July 01, 2014
Imagine living in a country where armed soldiers crash through doors to arrest and imprison citizens merely for criticizing government officials. Imagine that in this very same country, you're watched all the time, and if you look even a little bit suspicious, the police stop and frisk you or pull you over to search you on the off chance you're doing something illegal.
If you're thinking this sounds like America today, you wouldn't be far wrong. However, the scenario described above took place more than 200 years ago, when American colonists suffered under Great Britain's version of an early police state.
No document better states their grievances than the Declaration of Independence. A document seething with outrage over a government which had betrayed its citizens, the Declaration of Independence was signed on July 4, 1776, by 56 men who laid everything on the line, pledged it all—"our Lives, our Fortunes, and our sacred Honor"—because they believed in a radical idea: that all people are created to be free.
Imagine the shock and outrage these 56 men would feel were they to discover that 238 years later, the government they had risked their lives to create has been transformed into a militaristic police state in which exercising one's freedoms is often viewed as a flagrant act of defiance.
Indeed, as I document in my book A Government of Wolves: The Emerging American Police State, a cursory review of the true state of our freedoms as outlined in the Bill of Rights shows exactly how dismal things have become:
The First Amendment says Americans cannot be silenced by the government. Yet despite the clear protections found in the First Amendment, the freedoms described therein are under constant assault. Whether it's a Marine detained for criticizing the government on Facebook or a protester arrested for standing silently in front of the U.S. Supreme Court, these are dangerous times for those who choose to exercise their rights.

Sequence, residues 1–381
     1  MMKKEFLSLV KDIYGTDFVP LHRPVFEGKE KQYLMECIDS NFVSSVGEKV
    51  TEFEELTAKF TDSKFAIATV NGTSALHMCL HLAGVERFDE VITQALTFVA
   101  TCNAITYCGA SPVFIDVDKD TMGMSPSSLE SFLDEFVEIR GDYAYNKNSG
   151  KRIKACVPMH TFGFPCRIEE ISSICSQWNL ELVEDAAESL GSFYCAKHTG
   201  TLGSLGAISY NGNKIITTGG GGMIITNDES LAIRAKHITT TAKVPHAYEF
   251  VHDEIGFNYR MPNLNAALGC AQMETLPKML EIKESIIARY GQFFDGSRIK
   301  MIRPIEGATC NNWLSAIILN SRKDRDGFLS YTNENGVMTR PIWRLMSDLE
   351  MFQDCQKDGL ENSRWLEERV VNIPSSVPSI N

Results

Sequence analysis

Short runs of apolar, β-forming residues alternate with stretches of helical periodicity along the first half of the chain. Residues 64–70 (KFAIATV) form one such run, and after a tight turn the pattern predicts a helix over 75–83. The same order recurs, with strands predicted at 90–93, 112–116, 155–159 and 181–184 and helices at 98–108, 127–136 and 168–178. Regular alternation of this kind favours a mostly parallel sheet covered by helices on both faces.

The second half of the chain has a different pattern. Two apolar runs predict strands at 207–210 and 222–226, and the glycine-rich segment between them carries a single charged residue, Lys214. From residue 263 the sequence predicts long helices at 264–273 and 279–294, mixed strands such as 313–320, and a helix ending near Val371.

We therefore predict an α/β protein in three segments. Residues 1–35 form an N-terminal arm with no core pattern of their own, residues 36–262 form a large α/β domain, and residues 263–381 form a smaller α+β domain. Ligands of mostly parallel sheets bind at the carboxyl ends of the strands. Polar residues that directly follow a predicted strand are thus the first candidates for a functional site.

The Second Amendment was intended to guarantee "the right of the people to keep and bear arms." Yet while gun ownership has been recognized as an individual citizen right, Americans continue to face an uphill battle in the courts when it comes to defending themselves against militarized, weaponized government agents armed to the hilt.
The Third Amendment reinforces the principle that civilian-elected officials are superior to the military by prohibiting the military from entering any citizen's home without "the consent of the owner." Unfortunately, the wall of separation between civilian and military policing has been torn down in recent years, as militarized SWAT teams are now allowed to burst into homes unannounced in order to investigate minor crimes.
The Fourth Amendment prohibits government agents from touching you or placing you under surveillance or entering your property without probable cause and even then, only with a court-sanctioned warrant. Unfortunately, the Fourth Amendment has been all but eviscerated in recent years by court rulings and government programs that sanction all manner of intrusions, including giving police carte blanche authority to break into homes or apartments without a warrant, conduct roadside strip searches, and generally manhandle any person in manner they see fit.